The Way Back: A Poet’s Love of Texas

The Way Back: A Poet's Love of Texas

Borges with UT professor Miguel Gonzalez-Gerth outside Batts Hall.

In 1961, Argentine writer Jorge Luis Borges was aging and mostly blind, but his international reputation had begun to blossom, culminating in the prestigious Pritzker Award. That fall, Borges began teaching in the English department at UT, and the state of Texas captured a special place in his heart, as reflected in his poem “Texas.”

“My mind is full of wistful memories of Austin and of the days I spent there with my mother, way back in ’61.”

The Harry Ransom Center holds two manuscripts of the poem, and a note leafed in with the pages explains their provenance. Edward Larocque Tinker, an author and philanthropist who endowed Borges’ position at UT, was having lunch with Borges and his wife in New York in December 1967. During the conversation, Borges mentioned that he had written a sonnet about Texas, and Tinker asked if he would write the poem in his own hand. Borges replied that he had written nothing since he went blind some 12 years ago—but he would try. He dictated the poem to his wife since his handwriting was so illegible.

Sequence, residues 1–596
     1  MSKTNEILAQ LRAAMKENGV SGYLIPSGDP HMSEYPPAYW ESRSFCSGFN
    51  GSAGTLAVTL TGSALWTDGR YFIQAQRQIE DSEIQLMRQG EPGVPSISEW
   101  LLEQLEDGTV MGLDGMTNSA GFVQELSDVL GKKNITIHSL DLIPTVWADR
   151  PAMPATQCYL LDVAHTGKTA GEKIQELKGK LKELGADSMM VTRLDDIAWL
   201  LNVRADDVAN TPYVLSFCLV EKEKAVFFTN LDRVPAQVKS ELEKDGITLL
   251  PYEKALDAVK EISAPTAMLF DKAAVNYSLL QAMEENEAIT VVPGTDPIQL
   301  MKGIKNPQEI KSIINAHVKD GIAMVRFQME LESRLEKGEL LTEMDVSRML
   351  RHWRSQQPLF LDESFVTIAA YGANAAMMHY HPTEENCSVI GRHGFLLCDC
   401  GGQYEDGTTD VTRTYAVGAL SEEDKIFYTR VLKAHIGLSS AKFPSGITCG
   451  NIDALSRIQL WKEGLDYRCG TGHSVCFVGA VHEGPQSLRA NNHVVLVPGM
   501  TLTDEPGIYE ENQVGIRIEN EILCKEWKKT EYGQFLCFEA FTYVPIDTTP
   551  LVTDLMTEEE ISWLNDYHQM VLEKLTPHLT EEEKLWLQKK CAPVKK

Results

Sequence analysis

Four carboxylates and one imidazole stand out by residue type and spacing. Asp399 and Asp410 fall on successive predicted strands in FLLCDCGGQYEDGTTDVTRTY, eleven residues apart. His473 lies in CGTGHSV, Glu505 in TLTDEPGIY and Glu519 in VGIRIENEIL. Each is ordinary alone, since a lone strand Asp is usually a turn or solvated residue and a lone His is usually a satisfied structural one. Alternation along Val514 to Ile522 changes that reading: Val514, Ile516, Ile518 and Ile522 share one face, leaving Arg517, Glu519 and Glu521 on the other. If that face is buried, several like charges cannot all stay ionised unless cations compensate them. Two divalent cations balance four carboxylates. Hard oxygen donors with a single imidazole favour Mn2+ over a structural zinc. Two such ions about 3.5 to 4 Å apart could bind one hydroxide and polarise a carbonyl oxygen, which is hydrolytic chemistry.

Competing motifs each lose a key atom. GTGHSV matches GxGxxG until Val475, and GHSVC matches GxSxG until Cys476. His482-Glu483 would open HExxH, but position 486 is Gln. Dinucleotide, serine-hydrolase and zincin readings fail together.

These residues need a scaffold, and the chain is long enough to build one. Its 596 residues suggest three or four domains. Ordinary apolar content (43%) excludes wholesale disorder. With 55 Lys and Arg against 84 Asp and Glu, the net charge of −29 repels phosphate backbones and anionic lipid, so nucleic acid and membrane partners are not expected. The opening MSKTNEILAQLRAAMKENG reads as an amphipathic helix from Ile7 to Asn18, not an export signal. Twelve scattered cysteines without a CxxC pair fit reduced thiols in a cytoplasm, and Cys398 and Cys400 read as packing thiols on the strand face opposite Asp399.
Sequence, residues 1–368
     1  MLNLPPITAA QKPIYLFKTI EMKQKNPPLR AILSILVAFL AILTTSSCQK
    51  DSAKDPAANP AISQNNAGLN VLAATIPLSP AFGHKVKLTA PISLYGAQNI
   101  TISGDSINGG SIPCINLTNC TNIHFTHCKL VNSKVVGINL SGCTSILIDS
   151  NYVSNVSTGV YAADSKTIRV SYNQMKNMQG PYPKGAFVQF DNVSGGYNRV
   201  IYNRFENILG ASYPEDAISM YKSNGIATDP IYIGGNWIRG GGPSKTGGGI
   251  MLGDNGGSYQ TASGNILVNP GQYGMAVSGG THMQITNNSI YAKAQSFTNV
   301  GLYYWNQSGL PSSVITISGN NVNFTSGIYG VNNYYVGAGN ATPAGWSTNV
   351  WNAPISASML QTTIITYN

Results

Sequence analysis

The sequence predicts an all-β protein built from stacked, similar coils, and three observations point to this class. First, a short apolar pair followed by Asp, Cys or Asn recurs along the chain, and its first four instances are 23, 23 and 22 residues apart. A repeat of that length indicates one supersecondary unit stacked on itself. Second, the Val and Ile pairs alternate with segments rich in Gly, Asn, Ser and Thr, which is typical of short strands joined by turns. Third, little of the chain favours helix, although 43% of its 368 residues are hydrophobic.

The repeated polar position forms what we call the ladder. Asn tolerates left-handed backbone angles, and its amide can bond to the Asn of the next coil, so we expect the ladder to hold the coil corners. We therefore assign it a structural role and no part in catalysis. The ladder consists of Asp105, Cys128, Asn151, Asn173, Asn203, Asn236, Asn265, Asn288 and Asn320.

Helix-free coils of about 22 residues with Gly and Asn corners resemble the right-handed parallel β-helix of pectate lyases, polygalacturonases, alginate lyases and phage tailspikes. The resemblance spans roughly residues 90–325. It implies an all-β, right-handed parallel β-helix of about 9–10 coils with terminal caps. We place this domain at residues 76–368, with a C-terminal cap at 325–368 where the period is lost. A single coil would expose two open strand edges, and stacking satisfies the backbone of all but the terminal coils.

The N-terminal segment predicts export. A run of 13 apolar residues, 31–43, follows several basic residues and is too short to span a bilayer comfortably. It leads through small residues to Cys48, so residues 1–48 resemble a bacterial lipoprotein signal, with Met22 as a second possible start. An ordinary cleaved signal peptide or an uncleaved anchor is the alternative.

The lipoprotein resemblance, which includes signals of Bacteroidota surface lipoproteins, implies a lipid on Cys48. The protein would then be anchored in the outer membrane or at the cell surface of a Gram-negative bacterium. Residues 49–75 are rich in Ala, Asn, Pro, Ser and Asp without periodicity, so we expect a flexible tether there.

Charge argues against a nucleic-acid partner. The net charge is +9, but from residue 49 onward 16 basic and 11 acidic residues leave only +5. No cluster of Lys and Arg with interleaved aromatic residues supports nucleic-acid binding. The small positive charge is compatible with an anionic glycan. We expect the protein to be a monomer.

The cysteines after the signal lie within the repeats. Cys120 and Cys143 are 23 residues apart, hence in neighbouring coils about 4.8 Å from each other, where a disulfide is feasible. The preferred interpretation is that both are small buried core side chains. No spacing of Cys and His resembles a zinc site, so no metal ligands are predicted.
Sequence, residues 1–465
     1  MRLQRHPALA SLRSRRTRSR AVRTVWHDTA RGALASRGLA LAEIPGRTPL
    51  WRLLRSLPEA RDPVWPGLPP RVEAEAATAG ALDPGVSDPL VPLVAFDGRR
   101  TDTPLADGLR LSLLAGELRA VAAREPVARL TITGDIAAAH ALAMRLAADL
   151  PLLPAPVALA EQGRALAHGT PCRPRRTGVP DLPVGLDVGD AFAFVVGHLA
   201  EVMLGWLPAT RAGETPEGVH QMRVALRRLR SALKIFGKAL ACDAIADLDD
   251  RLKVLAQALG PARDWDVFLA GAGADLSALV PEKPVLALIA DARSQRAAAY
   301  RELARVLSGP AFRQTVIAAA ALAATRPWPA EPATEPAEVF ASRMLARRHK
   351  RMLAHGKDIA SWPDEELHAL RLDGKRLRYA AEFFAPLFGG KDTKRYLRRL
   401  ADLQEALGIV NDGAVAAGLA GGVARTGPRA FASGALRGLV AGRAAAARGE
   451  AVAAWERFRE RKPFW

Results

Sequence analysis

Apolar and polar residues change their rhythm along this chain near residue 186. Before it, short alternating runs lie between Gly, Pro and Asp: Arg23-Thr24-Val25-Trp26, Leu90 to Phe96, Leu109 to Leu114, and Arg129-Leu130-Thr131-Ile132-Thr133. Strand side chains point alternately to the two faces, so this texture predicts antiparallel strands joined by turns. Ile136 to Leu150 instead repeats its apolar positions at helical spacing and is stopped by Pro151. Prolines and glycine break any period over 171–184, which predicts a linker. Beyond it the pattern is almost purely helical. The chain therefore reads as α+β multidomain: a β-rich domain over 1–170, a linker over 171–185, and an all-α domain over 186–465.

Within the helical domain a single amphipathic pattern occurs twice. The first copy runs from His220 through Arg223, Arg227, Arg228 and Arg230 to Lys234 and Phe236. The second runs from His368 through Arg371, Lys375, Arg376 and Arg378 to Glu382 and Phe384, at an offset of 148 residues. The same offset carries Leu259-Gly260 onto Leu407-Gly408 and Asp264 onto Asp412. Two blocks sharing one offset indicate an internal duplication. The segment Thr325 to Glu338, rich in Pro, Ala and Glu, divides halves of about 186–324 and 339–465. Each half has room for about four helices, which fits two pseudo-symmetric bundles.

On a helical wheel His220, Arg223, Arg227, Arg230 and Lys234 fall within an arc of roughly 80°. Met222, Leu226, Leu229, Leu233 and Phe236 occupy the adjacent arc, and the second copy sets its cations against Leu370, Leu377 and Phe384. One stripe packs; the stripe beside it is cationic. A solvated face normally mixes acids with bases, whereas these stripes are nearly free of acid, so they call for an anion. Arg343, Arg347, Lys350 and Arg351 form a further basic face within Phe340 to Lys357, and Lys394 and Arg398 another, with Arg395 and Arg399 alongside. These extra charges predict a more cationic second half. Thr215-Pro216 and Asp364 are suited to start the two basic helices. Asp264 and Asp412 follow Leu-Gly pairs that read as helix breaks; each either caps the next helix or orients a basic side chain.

Borges later wrote to a Ransom Center cataloger: “My mind is full of wistful memories of Austin and of the days I spent there with my mother, way back in ’61.”

Top: Photo courtesy The Dolph Briscoe Center for American History

 

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